Google is pushing a broadening of essential standards to encompass ubiquitous features like multitouch, much to the consternation of Apple, which insists its R&D is its own "magical" thinking and not for general use. In a letter to the US Senate Judiciary Committee, Google argues that just as there are certain standards-essential technologies - such as those around 3G connectivity - that have become ubiquitous, so there are common functionality or interface elements that have become all but standardized thanks to the multiplicity of implementations. Unsurprisingly, AllThingsD reports, Apple is far from convinced, and sees Google's suggestion as an attempt to raid its own well-stuffed patent portfolio.
Standards-essential patents currently include technologies related to connectivity, video playback and other functionality: technologies that have become universally settled upon, and as such those which hold patents used by those standards are obligated to license out their use under so-called FRAND (fair, reasonable and non-discriminatory) terms. In contrast - and unfairly, Google argues - there are an increasing number of technologies which, while not traditionally considered standards-essential patents (SEPs), have become so commonplace that they could be roughly considered the equivalent.
"While collaborative [Standards Setting Organizations (SSOs)] play an important part in the overall standard setting system, and are particularly prominent in industries such as telecommunications, they are not the only source of standards. Indeed, many of the same interoperability benefits that the FTC and others have touted in the SSO context also occur when one firm publishes information about an otherwise proprietary standard and other firms then independently decide (whether by choice or of necessity) to make complementary investments to support that standard in their products. … Because proprietary or de facto standards can have just as important effects on consumer welfare, the Committee’s concern regarding the abuse of SEPs should encompass them as well" Kent Walker, General Counsel, Google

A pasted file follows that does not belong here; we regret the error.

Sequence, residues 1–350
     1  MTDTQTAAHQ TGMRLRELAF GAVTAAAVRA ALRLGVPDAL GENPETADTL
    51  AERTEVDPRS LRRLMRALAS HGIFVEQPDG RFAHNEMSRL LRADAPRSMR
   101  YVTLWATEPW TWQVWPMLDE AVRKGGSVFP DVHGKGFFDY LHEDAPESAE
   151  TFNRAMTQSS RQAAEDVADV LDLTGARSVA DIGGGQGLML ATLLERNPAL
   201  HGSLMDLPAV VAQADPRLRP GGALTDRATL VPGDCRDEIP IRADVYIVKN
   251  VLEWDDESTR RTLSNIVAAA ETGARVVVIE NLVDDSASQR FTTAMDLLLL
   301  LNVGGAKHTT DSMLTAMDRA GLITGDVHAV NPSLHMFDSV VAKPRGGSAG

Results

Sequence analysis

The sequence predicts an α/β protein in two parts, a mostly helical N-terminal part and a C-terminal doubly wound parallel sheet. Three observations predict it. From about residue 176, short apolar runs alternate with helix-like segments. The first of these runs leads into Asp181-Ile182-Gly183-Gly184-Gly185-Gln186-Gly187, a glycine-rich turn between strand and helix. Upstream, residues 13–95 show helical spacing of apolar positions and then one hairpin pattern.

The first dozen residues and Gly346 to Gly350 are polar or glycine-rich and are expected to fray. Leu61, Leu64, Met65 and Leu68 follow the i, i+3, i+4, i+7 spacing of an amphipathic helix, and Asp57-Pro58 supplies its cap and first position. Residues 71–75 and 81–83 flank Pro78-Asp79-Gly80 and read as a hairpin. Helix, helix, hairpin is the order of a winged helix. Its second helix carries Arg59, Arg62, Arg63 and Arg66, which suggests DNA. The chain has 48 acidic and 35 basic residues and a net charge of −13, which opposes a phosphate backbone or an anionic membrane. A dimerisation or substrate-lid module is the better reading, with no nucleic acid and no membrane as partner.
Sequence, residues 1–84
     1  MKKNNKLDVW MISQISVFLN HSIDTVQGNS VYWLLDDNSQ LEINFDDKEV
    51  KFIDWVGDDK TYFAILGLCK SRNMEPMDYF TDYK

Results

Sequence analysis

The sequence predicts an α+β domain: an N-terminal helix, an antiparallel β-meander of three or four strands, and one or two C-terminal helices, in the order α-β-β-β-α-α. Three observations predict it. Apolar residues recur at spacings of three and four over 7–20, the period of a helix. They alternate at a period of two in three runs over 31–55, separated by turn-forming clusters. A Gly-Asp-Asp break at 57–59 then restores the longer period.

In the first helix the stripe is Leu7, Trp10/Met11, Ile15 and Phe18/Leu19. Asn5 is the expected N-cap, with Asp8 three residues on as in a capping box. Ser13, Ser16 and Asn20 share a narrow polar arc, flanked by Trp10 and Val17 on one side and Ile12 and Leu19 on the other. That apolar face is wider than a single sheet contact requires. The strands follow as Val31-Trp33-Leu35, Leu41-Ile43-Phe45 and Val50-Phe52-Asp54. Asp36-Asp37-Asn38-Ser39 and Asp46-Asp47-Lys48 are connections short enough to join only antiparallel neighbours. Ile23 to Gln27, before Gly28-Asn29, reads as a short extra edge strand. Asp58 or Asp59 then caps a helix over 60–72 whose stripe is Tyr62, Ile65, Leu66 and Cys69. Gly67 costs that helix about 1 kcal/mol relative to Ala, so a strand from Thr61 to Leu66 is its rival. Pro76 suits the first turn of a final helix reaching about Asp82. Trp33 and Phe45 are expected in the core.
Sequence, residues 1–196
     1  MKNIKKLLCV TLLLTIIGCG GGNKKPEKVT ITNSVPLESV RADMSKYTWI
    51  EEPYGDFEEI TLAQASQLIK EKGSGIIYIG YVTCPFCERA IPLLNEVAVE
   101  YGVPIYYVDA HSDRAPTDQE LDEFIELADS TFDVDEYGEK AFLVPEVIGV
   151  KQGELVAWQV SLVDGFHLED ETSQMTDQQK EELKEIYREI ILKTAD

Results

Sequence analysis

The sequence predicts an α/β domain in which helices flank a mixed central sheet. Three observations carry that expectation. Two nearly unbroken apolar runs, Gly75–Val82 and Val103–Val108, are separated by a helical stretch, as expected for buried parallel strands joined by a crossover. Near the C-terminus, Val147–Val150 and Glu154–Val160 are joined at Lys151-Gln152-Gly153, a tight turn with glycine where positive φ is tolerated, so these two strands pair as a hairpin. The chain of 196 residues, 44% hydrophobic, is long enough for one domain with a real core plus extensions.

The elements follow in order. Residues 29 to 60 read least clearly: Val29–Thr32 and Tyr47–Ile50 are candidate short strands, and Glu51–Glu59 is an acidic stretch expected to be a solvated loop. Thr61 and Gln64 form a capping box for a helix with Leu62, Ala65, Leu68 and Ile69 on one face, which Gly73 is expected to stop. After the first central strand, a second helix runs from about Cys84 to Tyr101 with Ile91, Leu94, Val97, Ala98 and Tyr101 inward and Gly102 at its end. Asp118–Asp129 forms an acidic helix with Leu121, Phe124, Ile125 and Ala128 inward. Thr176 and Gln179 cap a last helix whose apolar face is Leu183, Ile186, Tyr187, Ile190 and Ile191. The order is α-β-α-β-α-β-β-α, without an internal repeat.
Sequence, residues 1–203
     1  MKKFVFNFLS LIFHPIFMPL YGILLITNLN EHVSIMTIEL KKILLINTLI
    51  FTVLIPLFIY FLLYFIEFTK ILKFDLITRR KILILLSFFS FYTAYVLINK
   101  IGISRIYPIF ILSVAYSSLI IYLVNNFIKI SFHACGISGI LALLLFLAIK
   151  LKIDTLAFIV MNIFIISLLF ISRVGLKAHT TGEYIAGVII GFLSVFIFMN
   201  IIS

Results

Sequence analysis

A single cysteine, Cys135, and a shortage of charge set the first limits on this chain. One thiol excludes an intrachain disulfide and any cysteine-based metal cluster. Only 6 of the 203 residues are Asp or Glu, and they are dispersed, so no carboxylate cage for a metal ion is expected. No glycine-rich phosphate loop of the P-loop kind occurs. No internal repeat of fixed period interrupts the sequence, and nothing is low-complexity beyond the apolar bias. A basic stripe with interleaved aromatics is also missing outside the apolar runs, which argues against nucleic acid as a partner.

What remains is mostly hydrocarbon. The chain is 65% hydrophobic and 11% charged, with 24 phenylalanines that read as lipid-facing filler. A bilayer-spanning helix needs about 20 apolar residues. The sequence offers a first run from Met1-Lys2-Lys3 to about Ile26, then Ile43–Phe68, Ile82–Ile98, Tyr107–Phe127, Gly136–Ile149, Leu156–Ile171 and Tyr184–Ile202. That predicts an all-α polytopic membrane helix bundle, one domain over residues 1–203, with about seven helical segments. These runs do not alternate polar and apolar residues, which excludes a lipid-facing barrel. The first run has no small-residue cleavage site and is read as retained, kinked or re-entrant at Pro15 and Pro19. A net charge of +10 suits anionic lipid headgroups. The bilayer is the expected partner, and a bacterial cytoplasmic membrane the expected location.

In Google General Counsel Kent Walker's view, just as there are hefty penalties involved for those companies believed to be demanding disproportionate licensing fees for the use of FRAND patents, so should there be more controls over licensing of near-ubiquitous technologies which have dissipated through many of the devices we use daily. That could include multitouch, common UI paradigms such as slide-to-unlock or list-scroll-bounce, and other elements.
Those elements, though, have all been the subject of ardent litigation, with Apple particularly strident in protecting the technologies it has used in the iPhone and iPad, and patented accordingly. In a response from Apple General Counsel Bruce Sewell, the lawyer argues that there is a fundamental difference between standardized technology and product-differentiating technology: the former is a way for individual devices to ensure interoperability at a core functionality level, such as wireless connectivity and making voice calls, while the latter is a way for companies to compete by offering a more comprehensive, imaginative or polished device.
"The capabilities of an iPhone are categorically different from a conventional phone, and result from Apple’s ability to bring its traditional innovation in computing to the mobile market. Using an iPhone to take photos, manage a home-finance spreadsheet, play video games, or run countless other applications has nothing to do with standardized protocols. Apple spent billions in research and development to create the iPhone, and third party software developers have spent billions more to develop applications that run on it. The price of an iPhone reflects the value of these nonstandardized technologies — as well as the value of the aesthetic design of the iPhone, which also reflects immense study and development by Apple, and which is entirely unrelated to standards" Bruce Sewell, General Counsel, Apple
As Sewell sees it, some companies - Motorola is particularly mentioned - are trying to use their standards-essential patents to coerce Apple into either paying above the odds for the use of such technology, or to pressure it into licensing product-differentiating technology.
With the current state of technology patents and FRAND licensing under the microscope, we're likely to see more back-and-forth between Apple, Google and others before we get anywhere near IP reform. Still, if Google was hoping Apple would simply sit back and let it declare elements of iOS common-ground, it seems it will go away disappointed.